Heavy duty: When locking at home, invest in motorcycle locking equipment as this is stronger and as you are not taking the equipment out with you, weight is not an issue.

Alarm it: If you are storing in a shed or garage consider investing in a simple alarm system. Most DIY stores will sell a cheap system with Passive Infra Red (PIR sensors). This will make a loud noise when activated which may cause the offenders to leave and allow you to call the police.

Remember to put warnings stickers outside the shed / garage to further dissuade offenders and hang curtains to prevent prying eyes from looking in.

Door security: There are good products available to reinforce and lock garage doors. If purchasing these, check that they are Sold Secure and / or Secured by Design approved.

Check that once garage locks and reinforcements are fitted there is not the opportunity for offenders to peel back the lower corner of a garage door to gain access. In this case it may be worth fitting two of the same product to prevent this.

Online security: If you share details of your rides on social media, ensure you are able to set-up a privacy zone on your mapping app so that it’s not possible to work out the exact location of your house. Thieves are now using ride mapping sites to target keen cyclists who may have expensive bikes.

On the go

Always lock your bike and make sure it is left in a well lit area with lots of people passing. Lock in a location with other bikes as there can be safety in numbers. Try not to lock your bike in the same place everyday.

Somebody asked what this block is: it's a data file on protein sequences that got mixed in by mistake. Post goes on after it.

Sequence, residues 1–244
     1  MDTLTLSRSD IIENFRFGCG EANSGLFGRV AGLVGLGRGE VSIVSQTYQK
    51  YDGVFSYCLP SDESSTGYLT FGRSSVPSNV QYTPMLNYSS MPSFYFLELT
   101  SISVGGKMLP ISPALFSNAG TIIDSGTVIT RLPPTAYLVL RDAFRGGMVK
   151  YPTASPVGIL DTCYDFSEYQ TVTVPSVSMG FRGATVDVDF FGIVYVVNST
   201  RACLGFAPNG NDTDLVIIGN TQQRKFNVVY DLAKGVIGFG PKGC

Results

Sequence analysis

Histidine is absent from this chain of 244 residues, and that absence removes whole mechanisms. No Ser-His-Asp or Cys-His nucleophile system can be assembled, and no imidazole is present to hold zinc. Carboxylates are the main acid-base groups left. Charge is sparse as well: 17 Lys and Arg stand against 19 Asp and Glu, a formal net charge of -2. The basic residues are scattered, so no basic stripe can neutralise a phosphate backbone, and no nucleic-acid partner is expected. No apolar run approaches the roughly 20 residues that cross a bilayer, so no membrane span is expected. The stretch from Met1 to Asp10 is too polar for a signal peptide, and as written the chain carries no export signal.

• Where available lock to a “Sheffield Loop” stand. Never use “wheel bender” stands where you can only lock the wheel to the stand.
  • Lock to a fixed immovable object that the bike cannot be lifted over and cannot be broken, cut or removed.
  • Invest in a good quality lock. Expect to pay at least £40, or around 20% of the value of your bike. Buy locks that have achieved the Sold Secure award.
  • Consider replacing quick release skewers with bolted or security ones.
  • Avoid cable style locks. Most are easier to cut than D-locks or chains. If you’re leaving the bike for any length of time, never use a lock with a combination as many can be opened with brute force.
  • For maximum protection use two locks of different types. A D-lock and robust chain with padlock are ideal because thieves are less likely to carry the tools to break both locks. If they do it will take longer and be more noticeable.
  • Use each lock to catch the wheels, frame and stand. Fill up as much of the space within the D-lock as possible.
  • Never leave your locks in contact with the pavement. Locks can be easily broken with bolt croppers or a sledgehammer when using the ground as a lever.
  • Even if you’re just popping into a cafe for a cup of tea on a club run, secure your bike with a lightweight lock. It won’t stop a determined thief but it’ll put off an opportunist.